MADRID: Spain's coastguard was on Tuesday looking for three migrant boats reported lost at sea by an NGO a day after rescuing scores of migrants from another vessel near the Canary Islands.

A spokeswoman for Salvamento Maritimo told AFP it would deploy a rescue plane during the morning and had also requested help from other ships navigating in the area.

“For the moment, we’ve not found anything,“ she said.

During their searches on Monday, rescuers found a boat carrying 78 sub-Saharan migrants who were taken to shore at Gran Canaria island, she said.

They had initially thought there were 86 on board.

The three missing boats are believed to have left the coast of Senegal in recent weeks, according to Spanish NGO Caminando Fronteras which helps migrant boats in distress.

“One is carrying around 200 people and the other two between 50 and 70 people,“ a spokesman for the NGO told AFP.

On Monday, Caminando founder Helena Maleno said the biggest boat had left the southern town of Kafountine on June 27 with “many minors on board”, quoting family sources who said they had lost contact with the vessel days ago.

Kafountine is a fishing village in southern Senegal which lies at least 1,700 kilometres (more than 1,000 miles) south of the Canary Islands.

The other two boats with around 120 people on board had left the Senegalese coast on June 23.

A Spanish rescue plane had initially thought the boat spotted on Monday was the one carrying some 200 people, but it was only on reaching the vessel that they realised their mistake.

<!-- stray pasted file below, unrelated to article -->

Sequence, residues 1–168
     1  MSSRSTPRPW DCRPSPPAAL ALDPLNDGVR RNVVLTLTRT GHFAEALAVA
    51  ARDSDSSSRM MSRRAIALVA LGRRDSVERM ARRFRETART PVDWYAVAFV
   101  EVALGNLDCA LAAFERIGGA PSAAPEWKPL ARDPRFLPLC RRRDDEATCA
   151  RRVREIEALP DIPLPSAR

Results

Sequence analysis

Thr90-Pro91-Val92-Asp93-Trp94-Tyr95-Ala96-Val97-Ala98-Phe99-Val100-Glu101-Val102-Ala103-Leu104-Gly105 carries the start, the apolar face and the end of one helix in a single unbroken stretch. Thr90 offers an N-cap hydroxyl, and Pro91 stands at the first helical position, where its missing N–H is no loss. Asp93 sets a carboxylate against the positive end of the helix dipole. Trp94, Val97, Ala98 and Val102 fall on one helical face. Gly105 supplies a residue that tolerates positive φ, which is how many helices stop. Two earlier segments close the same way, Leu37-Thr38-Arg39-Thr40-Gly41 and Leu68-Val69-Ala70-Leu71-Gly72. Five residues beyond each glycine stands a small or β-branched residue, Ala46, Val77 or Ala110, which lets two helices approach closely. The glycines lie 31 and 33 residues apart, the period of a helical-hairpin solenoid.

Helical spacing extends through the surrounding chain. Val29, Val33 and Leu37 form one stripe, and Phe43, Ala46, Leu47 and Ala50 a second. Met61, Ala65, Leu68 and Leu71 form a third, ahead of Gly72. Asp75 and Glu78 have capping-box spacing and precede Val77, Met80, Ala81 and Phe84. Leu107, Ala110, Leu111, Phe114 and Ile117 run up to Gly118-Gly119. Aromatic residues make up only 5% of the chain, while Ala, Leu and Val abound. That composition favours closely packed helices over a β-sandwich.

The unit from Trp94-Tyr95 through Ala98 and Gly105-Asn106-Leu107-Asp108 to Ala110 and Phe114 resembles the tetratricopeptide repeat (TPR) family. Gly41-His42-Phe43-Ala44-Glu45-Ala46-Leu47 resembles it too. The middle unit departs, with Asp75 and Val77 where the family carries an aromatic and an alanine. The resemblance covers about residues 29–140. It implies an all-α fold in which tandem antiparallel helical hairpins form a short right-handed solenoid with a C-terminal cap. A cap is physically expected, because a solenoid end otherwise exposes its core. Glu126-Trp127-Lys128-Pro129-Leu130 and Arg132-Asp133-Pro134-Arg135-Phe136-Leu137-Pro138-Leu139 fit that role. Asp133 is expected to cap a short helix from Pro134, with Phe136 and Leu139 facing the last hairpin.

“Every minute counts if we’re to find these more than 300 people alive who are in three Senegalese pirogues which have disappeared in the Atlantic,“ Maleno tweeted on Tuesday, referring to a long wooden canoe-like vessel.

“We need more search means and greater collaboration between Mauritania, Spain and Morocco.”

The Atlantic route to the Canaries is particularly dangerous due to the strong currents, with migrants travelling in overloaded boats, which are often unseaworthy, and without enough drinking water.

Many boats leave from the shores of Morocco, Western Sahara or Mauritania but they also come from countries further south such as Senegal.

Atlantic crossings began surging in late 2019 after increased patrols along Europe's southern coast dramatically reduced Mediterranean crossings.

In the first six months of 2023, 7,213 migrants reached the Canary Islands by boat, interior ministry figures show. - AFP